Both South Korea and Taiwan have strong information technology industries. They have also led similar paths in their development. From the 1960s to the 1980s, both achieved rapid economic growth under a regime known as "developmental dictatorship," in which the government targets development as the national priority. After an initial phase of growth, both countries, were weighed down by increased costs associated with economic growth. They entered a phase in which they built a democratic political system from the late 1980s to the 1990s, and shifted their focus to boosting economic added value. This led to the growth of new industries, including semiconductors, and the establishment of Samsung of South Korea and Acer of Taiwan as iconic global brands.
Growth of emerging countries becomes difficult when per capita gross domestic product rises above $10,000, as higher wages push up production costs, making it difficult to compete with newcomers whose wages are still low. Even then, these countries still have to try to develop their industry to maintain economic growth. Such stagnation in growth is called the middle-income trap. For example, Brazil and Malaysia, both of whose GDP per capita has leveled off at around $10,000, seem to have fallen into this trap. South Korea and Taiwan are rare examples of countries that have not fallen victim to it.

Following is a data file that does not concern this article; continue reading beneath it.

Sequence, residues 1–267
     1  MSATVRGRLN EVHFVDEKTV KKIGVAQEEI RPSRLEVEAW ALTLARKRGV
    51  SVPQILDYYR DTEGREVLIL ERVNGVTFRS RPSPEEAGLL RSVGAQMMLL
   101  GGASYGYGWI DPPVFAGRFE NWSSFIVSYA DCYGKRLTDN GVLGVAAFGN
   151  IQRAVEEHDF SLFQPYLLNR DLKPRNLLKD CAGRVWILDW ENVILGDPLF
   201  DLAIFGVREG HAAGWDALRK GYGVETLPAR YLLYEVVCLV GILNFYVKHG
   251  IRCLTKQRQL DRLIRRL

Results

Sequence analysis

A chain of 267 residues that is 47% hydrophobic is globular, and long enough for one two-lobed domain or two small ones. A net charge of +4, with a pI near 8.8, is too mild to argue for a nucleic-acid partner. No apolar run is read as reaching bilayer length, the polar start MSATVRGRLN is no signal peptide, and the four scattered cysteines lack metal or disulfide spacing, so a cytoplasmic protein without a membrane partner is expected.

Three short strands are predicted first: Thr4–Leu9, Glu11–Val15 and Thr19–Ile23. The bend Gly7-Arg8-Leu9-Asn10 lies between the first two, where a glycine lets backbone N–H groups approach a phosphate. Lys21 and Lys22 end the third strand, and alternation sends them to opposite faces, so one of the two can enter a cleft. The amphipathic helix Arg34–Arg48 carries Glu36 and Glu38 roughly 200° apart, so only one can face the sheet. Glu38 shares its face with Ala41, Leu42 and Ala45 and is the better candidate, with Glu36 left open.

According to the International Monetary Fund, per capita GDP rose above $10,000 in nominal terms in 1994 in South Korea and 1992 in Taiwan. The preliminary figures for 2016 were $27,630 and $22,040, respectively. The figure for Japan was $37,300.
Whether or not they regard their income levels as on a par with advanced economies, these figures suggest that both have already risen above the middle-income nation label. But they now face a potential new risk that one might call the "high-income trap."
Typically, as people see their income grow, they start to seek higher education. The percentage of high school graduates who go on to university is about 50% in Japan. But the figures are about 70% in South Korea and over 90% in Taiwan, although these numbers can vary depending on how one defines university. The problem is, while university graduates naturally seek jobs with wages suitably high for their level of education, there are only so many such jobs available. To make matters worse, manufacturers tend to shift their production overseas as domestic labor becomes more expensive, reducing jobs in the country.